A few years ago, I held a Fourth of July barbecue in my newly adopted city, and afterwards I noticed something interesting: the friends who came early to help set up and stayed late to help clean up had one thing in common: They were single.
This isn’t a criticism of my married guests. They came too, bearing pies and hot dishes. They stayed for a time and then went home—because that’s what people do. But my single friends, I realized, had gone the extra mile, and not just during the barbecue. They had also been extremely helpful during our move—loaning my husband and I trucks, offering up guest rooms. They were the ones who organized group dinners and other outings. And because I didn’t yet have a car, they drove me to these activities.
Although perceptions are slowly evolving, there is still a persistent myth that single people are less mature than their married cohorts, who are often viewed as the sturdy builders of society while singles are treated like overgrown teenagers, who care for themselves and little else.
These stereotypes don’t jibe with reality. A data analysis by sociologists Naomi Gerstel and Natalia Sarkisian found that single people devote more energy to friends and family than their married peers do. Unmarried people are more likely to give loved ones a phone call, a visit or practical support—driving a relative to a doctor’s appointment, helping with household chores, etc.
When they first examined the data, Gerstel and Sarkisian assumed that parenthood explained the gap, but they later found this wasn’t the case. Once people have children, they usually become more engaged in their communities, as they are pressed to be involved in their kids’ school and sports activities. Married non-parents are actually the least involved bunch.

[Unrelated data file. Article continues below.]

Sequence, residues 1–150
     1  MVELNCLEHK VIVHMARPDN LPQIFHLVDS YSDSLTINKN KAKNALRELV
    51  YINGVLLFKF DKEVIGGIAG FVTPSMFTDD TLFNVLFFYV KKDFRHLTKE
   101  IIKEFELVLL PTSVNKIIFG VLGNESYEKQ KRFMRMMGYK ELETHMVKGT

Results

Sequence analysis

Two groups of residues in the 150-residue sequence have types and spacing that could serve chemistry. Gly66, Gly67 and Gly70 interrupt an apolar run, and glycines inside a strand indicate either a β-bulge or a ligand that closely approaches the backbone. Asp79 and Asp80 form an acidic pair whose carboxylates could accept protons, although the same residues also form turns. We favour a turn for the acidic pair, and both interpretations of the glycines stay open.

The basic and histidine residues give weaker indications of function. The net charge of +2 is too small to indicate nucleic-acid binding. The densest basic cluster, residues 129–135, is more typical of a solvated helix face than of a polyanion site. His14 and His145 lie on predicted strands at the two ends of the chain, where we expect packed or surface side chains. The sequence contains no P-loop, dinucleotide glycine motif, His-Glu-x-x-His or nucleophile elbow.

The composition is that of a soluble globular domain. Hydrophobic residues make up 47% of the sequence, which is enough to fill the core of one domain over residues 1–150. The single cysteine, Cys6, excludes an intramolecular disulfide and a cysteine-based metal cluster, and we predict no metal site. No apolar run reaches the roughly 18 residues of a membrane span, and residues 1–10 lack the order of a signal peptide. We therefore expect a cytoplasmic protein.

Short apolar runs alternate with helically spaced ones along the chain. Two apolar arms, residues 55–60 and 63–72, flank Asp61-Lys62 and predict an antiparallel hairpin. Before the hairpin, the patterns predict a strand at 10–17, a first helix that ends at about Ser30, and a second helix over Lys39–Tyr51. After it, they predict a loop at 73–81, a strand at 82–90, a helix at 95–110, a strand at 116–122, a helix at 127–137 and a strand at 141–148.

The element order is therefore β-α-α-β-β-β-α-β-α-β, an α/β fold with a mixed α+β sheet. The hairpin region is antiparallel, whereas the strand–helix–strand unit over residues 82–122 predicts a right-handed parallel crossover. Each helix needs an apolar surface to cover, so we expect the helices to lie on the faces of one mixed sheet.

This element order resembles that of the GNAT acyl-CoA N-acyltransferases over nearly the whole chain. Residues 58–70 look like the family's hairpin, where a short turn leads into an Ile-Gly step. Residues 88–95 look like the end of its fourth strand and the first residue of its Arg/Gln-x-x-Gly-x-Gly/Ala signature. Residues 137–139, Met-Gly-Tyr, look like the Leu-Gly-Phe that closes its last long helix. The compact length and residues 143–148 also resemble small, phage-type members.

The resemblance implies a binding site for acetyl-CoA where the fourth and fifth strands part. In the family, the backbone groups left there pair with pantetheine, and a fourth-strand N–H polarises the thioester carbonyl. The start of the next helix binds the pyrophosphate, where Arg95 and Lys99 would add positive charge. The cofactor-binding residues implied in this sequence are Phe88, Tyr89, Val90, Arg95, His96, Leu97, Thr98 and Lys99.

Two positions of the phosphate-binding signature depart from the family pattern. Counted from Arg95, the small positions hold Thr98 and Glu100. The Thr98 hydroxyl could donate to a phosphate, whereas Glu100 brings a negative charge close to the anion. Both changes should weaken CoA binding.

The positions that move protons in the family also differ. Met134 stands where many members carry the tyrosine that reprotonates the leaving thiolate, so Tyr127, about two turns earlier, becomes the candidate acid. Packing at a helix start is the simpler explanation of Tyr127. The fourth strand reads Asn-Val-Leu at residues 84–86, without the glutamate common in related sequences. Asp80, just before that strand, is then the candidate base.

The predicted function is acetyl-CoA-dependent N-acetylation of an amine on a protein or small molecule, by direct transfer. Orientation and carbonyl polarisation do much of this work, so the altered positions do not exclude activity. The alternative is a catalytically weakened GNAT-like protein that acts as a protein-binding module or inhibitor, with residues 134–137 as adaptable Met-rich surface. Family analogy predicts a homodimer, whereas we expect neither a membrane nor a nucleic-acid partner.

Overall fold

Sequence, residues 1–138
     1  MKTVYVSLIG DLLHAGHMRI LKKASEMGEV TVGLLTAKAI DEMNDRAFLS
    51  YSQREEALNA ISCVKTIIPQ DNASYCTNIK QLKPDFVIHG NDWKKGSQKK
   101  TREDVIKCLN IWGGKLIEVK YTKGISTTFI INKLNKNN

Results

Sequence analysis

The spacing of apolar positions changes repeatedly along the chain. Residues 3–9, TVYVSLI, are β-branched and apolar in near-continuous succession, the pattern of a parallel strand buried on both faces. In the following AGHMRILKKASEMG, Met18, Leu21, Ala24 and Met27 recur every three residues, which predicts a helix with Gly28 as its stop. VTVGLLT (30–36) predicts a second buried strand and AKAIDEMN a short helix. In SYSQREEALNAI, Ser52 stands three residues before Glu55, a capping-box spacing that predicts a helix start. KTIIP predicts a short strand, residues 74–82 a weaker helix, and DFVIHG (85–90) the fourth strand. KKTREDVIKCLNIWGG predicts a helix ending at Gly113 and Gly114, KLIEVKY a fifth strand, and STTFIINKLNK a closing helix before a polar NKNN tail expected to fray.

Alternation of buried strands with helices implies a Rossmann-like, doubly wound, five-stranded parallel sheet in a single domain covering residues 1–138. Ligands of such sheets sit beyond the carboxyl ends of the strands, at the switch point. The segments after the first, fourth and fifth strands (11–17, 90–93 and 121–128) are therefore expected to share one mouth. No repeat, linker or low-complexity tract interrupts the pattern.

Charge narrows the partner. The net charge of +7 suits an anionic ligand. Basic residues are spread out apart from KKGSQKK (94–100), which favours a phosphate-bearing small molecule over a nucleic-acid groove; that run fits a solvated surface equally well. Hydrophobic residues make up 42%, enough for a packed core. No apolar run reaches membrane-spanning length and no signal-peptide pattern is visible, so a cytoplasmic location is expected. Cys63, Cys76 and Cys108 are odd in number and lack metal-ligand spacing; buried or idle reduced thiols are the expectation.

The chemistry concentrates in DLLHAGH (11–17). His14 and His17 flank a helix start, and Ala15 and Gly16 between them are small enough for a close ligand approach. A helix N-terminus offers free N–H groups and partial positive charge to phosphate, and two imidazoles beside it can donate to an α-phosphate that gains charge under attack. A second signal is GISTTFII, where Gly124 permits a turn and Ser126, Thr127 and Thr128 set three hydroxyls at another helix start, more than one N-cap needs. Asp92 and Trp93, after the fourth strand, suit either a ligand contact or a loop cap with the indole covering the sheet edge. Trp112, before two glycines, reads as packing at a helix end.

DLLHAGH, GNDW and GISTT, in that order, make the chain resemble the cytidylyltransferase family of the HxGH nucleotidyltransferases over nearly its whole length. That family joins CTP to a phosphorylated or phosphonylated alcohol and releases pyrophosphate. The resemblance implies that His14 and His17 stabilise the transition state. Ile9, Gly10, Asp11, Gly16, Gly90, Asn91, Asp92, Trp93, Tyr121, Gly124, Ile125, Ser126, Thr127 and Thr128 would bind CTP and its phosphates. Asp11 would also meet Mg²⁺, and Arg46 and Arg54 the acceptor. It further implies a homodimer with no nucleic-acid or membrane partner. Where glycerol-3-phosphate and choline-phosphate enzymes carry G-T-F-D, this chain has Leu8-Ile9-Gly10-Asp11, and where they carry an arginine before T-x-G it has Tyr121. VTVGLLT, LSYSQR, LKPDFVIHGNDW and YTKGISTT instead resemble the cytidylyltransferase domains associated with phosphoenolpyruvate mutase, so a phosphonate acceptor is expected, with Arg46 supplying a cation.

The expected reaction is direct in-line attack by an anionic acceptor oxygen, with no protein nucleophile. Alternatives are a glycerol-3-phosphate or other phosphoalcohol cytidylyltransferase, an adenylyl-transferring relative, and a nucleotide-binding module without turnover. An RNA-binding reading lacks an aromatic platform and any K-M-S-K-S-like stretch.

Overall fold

The notion that single people are “carefree” is also illogical. The last time I checked, being unmarried didn’t exempt you from the need to pay rent or taxes. In fact, the challenges of adult life are arguably greater for single people. Couples can split bills, tasks, and areas of expertise. For example, I have never turned on the lawn mower or snow blower in our garage, and I’m not sure I’d even know how to—you pull a cord or something, right? The single woman who lives next door to us doesn’t have the luxury of such ignorance—in fact, she surprised us one winter morning by clearing our driveway when our snowblower was on the fritz.
It’s time to shed outdated (and never accurate) ideas of what it means to be single. Singles are now more than half the population, and they’re ushering in a new era, one where people combine independent living with community engagement. Let’s have some fireworks about that.
Sara Eckel is a personal coach and the author of It’s Not You: 27 (Wrong) Reasons You’re Single. You can get a free bonus chapter of her book at saraeckel.com. You can also find her on Twitter and Facebook. Ask her any questions here.